For Demi Lovato, the root of her body image battle began before her Disney stardom. From being judged in beauty pageants at a young age to being bullied by other schoolkids, Lovato had struggled with her self-esteem and needing others’ approval since she was in diapers. With her mother also struggling with bulimia, Lovato would not have a healthy role model for self-love until much later.
“Even though I was 2 or 3 years old,” she told American Way. “Being around somebody who was 80 pounds and had an active eating disorder… it’s hard not to grow up like that.”
The National Center on Addiction and Substance Abuse published its report, “Understanding and Addressing Food Addiction: A Science-Based Approach to Policy, Practice and Research” in February of 2016, in which they examined several types of food and eating disorders, as well as their correlations to substance abuse.
In the report, they determined that an estimated 1 percent of the US population, or about 3 million people, “has a lifetime diagnosis of bulimia nervosa,” and of those people, about 37 percent also have a substance use disorder, which is nearly “four times as many as in the general population.”
“It was always there,” Lovato revealed in an interview with E! News, “but then I just acted on it at around 8 or 9 years old. I started overeating, compulsively overeating. I would bake cookies and then eat the whole pan. I went from doing that to being unhappy with my body. I went to just completely starving myself and that turned into throwing up and starving myself and it was just this crazy battle going on inside of me.”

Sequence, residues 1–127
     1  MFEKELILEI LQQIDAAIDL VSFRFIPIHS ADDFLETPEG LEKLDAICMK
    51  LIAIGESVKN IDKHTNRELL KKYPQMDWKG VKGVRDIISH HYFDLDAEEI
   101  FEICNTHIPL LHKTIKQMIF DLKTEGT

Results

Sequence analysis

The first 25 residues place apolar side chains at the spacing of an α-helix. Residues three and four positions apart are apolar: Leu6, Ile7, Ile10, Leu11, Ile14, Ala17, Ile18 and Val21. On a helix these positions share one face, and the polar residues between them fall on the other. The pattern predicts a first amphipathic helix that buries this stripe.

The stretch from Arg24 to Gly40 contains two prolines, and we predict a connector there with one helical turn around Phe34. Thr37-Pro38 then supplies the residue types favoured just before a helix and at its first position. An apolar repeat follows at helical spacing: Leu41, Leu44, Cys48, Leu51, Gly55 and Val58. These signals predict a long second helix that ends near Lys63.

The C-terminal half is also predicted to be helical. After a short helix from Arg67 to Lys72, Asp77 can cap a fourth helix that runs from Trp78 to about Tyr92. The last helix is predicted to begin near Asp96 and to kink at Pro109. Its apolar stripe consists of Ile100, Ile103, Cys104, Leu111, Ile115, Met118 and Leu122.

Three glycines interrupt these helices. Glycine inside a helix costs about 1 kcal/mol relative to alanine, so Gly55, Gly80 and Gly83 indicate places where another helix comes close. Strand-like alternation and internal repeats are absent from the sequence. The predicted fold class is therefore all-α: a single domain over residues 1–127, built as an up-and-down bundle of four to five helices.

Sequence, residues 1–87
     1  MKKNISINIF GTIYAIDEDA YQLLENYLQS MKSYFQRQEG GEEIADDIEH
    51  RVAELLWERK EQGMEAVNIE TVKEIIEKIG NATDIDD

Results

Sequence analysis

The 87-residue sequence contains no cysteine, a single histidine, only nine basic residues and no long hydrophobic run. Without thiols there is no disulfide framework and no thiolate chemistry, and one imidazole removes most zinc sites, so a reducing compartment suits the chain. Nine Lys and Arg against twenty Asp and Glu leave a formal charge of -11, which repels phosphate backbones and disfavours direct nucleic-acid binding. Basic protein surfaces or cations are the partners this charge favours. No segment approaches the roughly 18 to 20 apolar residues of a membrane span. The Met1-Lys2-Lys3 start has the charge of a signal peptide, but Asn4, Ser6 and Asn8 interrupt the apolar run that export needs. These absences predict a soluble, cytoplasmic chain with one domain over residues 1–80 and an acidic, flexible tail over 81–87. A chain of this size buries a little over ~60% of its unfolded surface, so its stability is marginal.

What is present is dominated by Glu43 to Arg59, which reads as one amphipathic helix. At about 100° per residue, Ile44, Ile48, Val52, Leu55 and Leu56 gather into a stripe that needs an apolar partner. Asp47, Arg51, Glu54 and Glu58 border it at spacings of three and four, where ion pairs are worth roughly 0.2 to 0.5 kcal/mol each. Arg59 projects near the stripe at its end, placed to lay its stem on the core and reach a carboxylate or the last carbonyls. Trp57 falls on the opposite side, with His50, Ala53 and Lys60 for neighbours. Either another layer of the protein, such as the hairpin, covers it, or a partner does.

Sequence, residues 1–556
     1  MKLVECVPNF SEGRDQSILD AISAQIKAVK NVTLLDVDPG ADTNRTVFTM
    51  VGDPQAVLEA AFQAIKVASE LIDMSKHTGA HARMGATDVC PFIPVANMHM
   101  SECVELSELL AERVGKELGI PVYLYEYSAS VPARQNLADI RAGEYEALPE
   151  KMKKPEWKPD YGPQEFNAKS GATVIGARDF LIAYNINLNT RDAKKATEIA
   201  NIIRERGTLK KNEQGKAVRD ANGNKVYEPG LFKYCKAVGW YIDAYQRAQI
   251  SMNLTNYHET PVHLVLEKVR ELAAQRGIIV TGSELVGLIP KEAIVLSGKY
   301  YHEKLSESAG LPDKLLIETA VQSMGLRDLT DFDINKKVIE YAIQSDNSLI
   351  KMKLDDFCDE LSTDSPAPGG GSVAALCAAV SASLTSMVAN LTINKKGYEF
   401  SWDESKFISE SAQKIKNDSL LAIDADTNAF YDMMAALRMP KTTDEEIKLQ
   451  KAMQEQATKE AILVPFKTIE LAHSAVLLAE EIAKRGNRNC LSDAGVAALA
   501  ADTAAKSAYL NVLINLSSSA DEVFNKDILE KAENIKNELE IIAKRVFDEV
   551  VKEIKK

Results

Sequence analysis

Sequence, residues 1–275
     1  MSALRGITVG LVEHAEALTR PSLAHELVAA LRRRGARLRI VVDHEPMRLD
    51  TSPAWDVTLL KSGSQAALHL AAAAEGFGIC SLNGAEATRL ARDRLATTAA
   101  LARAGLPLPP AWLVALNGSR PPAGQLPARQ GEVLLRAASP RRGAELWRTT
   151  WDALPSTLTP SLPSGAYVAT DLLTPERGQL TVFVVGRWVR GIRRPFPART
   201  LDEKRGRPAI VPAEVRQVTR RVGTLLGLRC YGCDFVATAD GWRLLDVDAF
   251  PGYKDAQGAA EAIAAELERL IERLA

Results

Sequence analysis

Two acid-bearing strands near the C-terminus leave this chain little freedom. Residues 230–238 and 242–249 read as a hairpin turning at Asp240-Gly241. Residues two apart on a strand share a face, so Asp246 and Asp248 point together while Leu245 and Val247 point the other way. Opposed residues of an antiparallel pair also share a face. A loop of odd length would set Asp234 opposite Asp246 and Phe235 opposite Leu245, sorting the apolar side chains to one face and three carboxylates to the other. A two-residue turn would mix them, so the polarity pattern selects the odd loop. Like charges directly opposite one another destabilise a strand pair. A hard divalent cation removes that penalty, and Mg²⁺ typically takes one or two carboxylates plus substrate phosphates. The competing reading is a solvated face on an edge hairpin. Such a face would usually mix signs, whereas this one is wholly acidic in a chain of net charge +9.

Adding newfound fame and early signs of bipolar disorder to the mix only heightened the emotional roller coaster Lovato was riding, that it was only a matter of time before she developed unhealthy coping methods, such as cutting herself and taking prescription pills.
“That was how the substance abuse started,” Lovato told Daily Mail, referring to a car crash she was involved in during her middle school years. She had minor injuries, but it was enough for doctors to prescribe her opioid painkillers. “I liked the feeling they gave me—they sort of numbed everything—and I also liked the sneakiness of taking extra pills out of my mom’s bag without her knowing.”
Lovato’s Self-Destructive Behavior Eventually Led to Treatment
As more money started piling up from Lovato’s bread-winning television gigs—enough money to support her mother, stepfather, and two sisters by herself alone—the rising star began to follow in the footsteps of other “train-wreck” celebs: partying in nightclubs until dawn, picking up cocaine and heavy binge drinking, and getting into more emotionally volatile fights with people she cared about.
Her destructive behavior began to push people away, triggering Lovato’s natural response to self-medicate with alcohol and drugs or continue to self-harm. Even as her parents attempted to intervene and show concern for her health, Demi Lovato was still a teenager trying to be an adult with enough financial power within the family to demand being treated like one. All attempts at stopping her party-all-night lifestyle were met with backlash.
“I’d say, ‘What are you going to do? I pay the bills!’” Lovato admitted to American Way, “I put my parents in an uncomfortable position. There’s no manual on how to parent a pop star.”
Even after the Camp Rock punching incident, when Demi Lovato entered rehab treatment, she regarded the situation as a time to treat her bulimia and her officially diagnosed bipolar disorder, but not her addictions. It turned into a “whack-a-mole” effect, she recalls, a typical reaction when dual-diagnosis treatment isn’t implemented.